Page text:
JEFFERSON CITY, Mo. — Should Missouri become the next state to allow sports wagering, Joe Briggs hopes protections for athletes are solidified.
Briggs, counsel for the NFL Players Association, testified before the House Special Interim Committee on Gaming Thursday afternoon, imploring lawmakers to consider certain protections for athletes when crafting legislation. He suggested lawmakers review Missouri criminal codes because legalized sports betting could put law enforcement “in a pickle” when having to decide if a “fan” is simply heckling an athlete or attempting to influence the game.
“If I’m out at a restaurant, and a person says to me, ‘Hey, you missed that catch this week. If you miss that catch again next week, I’m going to punch you in the face.’ Well, maybe that person is heckling me, maybe they’re a super fan, and they just really want us to be successful next week,” Briggs said.
But if a person changed that statement a bit to include he lost money on that dropped catch, “that person may be trying to influence gaming,” Briggs hypothesized.
“Our players have some concerns about that. They want to make sure they can continue to live in their community unencumbered from having to think through whether a person is going to try to intimidate them in certain ways,” Briggs, who has represented professional football players for 14 seasons, said. “So a comprehensive review of your criminal code [is needed] to make sure that everyone is on the same page about where the line is, where crossing that line starts, and what would happen if a person did cross that line.”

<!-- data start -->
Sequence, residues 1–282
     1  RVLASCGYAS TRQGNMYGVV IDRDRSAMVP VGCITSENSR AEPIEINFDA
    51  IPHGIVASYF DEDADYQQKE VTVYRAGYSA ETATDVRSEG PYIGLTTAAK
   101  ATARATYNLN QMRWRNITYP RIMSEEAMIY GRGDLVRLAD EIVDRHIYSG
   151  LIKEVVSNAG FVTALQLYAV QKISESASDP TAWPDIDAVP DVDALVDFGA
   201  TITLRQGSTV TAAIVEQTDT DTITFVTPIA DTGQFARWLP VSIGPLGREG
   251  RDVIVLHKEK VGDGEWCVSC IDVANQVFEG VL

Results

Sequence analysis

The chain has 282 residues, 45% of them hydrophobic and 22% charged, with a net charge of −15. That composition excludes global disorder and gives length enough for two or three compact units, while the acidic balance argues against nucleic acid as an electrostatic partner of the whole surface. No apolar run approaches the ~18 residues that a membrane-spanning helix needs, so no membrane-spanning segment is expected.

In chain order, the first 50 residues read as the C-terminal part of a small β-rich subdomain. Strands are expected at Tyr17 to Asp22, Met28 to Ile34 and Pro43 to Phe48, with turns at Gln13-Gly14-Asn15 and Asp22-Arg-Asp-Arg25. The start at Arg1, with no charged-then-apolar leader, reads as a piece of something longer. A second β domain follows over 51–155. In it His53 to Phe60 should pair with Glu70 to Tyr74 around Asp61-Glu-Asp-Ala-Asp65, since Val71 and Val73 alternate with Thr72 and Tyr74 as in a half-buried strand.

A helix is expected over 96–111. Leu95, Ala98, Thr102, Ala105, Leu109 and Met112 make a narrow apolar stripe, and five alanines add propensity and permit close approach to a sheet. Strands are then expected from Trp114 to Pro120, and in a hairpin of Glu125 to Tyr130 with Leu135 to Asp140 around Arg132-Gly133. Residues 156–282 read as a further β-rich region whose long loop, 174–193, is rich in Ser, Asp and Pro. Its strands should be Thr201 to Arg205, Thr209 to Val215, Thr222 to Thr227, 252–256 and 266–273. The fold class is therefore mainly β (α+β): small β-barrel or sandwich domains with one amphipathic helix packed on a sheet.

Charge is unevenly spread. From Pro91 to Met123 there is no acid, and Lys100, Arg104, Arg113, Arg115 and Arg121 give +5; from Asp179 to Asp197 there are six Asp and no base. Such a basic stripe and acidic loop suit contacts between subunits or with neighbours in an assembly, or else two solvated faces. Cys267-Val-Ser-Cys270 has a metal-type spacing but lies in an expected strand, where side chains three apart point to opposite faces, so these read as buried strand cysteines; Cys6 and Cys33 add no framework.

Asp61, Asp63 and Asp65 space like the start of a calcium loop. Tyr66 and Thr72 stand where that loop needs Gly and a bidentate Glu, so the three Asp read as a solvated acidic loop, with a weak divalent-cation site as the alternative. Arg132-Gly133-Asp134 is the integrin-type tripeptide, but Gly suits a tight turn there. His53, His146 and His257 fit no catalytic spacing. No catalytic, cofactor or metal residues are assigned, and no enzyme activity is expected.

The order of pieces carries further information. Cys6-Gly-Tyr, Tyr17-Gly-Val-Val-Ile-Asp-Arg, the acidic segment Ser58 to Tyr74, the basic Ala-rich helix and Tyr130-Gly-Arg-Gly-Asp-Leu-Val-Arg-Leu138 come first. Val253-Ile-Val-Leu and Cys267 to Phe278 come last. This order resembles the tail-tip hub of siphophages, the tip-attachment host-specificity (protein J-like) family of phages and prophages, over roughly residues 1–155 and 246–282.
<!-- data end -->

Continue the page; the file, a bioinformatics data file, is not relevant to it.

Additionally, Briggs suggested implementing some sort of system for players to utilize to report potential wrongdoing. He proposed a hotline run by state gaming regulators, law enforcement, or the Attorney General’s Office.
“One of the things that I continue to enjoy about those relationships is seeing how much they love the communities they’ve played in, how they’ve lived in the communities after their playing careers were done, and how they’ve continued to try to make sure those communities would benefit not only from football being a professional sport in their area but also the rules and regulations and integrity of our sport,” Briggs told lawmakers.
“Our guys, our professional athletes, my football players that I’ve worked with for the last 14 seasons, they have me, and I can come here, and I can talk to you. But the same people that will bet on my guys will bet on the guys down the street at Mizzou, and they don’t have someone who will come up here and talk to you about this,” he said. “But they still need those protections.”
Briggs was just one of several people called before the gaming committee Thursday. It was the final meeting of the interim committee — which has looked at a whole host of issues during the interim, including potentially illegal machines popping up around Missouri.
The committee is expected to prepare a report for the House speaker by the end of the year.
Republican Rep. Dan Shaul chaired the committee with GOP Rep. Dan Houx serving as vice chair. Republican Reps. Dirk Deaton, Robert Ross, and Jeff Shawan also sat on the committee, along with Democrats LaKeySha Bosley and Wes Rogers.
Kaitlyn Schallhorn was the editor in chief of The Missouri Times from 2020-2022. She joined the newspaper in early 2019 after working as a reporter for Fox News in New York City.
Throughout her career, Kaitlyn has covered political campaigns across the U.S., including the 2016 presidential election, and humanitarian aid efforts in Africa and the Middle East.
She is a native of Missouri who studied journalism at Winthrop University in South Carolina. She is also an alumna of the National Journalism Center in Washington, D.C.
Contact Kaitlyn at firstname.lastname@example.org.